Apple Safari 5 review

While all eyes were on the iPhone 4 launch this week, Apple also snuck out the latest version of its web browser. Happily it’s not a case of burying bad news: the new Safari brings some real improvements over previous versions.

Outwardly, though, Safari 5 looks identical to the previous version, and that means a few quirks still betray its cross-platform heritage. For example, the address field and forward/back buttons retain OS X style shading and borders, subtly alienating Safari from the native Windows applications that surround it. The menu bar – a non-issue on OS X – appears only when you press Alt, and there’s no way to make it stick. And preferences dialogs lack OK buttons, which is disconcerting even if you’re familiar with the OS X standard that settings take effect as soon as you click the option.

What’s new?

The big new feature is dubbed Reader, a mode that automatically extracts the main text of a web page at the press of a button and presents it in a simple e-reader-like view, with adverts and other distractions faded into the background. It doesn’t work with all websites, but it’s a nice and distinctive feature, especially since it can automatically combine text from multipage articles into one long Reader document.

The new Reader view relegates distracting adverts and page furniture to the background

If we have a complaint, it’s that you have very little control over the appearance of your Reader view. The only thing you can change is the text size, while the original open-source Readability project, upon which Reader is based, let you choose between five different presentation styles and set your own margin width. Still, it’s nice to see Apple offering a thoroughly user-centric feature such as this – it’s a fillip for the consumer, for once, against the irritations of ever more intrusive advertising.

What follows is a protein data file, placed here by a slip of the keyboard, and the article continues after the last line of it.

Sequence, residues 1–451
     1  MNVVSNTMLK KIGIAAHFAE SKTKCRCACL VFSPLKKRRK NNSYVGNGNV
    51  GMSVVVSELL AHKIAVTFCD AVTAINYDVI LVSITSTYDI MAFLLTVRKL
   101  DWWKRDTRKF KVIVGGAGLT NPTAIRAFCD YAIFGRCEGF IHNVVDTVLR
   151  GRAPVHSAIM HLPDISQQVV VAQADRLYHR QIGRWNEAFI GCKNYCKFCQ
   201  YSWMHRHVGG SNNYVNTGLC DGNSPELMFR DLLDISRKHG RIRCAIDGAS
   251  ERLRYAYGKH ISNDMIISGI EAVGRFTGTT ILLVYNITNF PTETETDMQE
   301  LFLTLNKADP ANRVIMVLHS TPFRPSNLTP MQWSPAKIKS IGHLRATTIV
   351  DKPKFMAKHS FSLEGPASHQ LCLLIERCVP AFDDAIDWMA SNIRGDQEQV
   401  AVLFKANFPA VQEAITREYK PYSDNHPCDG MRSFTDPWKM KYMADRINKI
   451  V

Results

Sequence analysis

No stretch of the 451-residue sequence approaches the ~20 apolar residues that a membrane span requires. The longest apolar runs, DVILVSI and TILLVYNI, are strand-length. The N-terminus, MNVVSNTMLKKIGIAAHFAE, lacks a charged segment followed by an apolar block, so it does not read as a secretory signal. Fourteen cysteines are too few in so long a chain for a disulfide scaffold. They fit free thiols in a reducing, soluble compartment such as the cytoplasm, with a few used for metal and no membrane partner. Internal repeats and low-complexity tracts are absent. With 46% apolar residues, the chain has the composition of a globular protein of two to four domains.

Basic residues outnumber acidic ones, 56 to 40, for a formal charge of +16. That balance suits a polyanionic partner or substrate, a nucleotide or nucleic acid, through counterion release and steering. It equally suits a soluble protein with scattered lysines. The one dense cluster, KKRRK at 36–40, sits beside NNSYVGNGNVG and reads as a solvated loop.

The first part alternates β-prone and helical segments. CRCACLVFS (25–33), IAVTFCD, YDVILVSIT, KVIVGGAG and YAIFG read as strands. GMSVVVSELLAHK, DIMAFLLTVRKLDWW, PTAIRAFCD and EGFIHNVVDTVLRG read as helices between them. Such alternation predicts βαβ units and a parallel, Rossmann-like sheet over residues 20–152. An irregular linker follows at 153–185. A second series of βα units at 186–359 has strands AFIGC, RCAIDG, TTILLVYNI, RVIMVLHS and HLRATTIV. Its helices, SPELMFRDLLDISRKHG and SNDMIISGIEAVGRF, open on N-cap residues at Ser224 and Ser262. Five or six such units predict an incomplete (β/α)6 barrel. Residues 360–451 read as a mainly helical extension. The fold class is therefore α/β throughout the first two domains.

Safari 5 is also the first version to offer an extension framework, opening the door for third parties to provide additional user-friendly features using custom HTML, CSS and JavaScript. This being Apple, you have to sign up for a special Developer Program to produce your own, but this is free and comes with an Extension Builder tool for packaging and signing extensions. Partnered with the debugging and optimisation tools introduced in Safari 4, it makes the platform an attractive option for developers and tinkerers alike.

That’s all that’s really new in Safari 5, but evidently Apple feels the need to make a bigger splash, so the product web page also makes a song and dance about the fact that Microsoft’s Bing engine is now available as a new search option. Perhaps that’s interesting to students of corporate politics, but the search options ought to have been fully customisable long ago.

Details

Software subcategoryWeb browser

Requirements

Processor requirement500MHz processor

Operating system support

Operating system Windows Vista supported?yes
Operating system Windows XP supported?yes
Operating system Linux supported?no
Operating system Mac OS X supported?no

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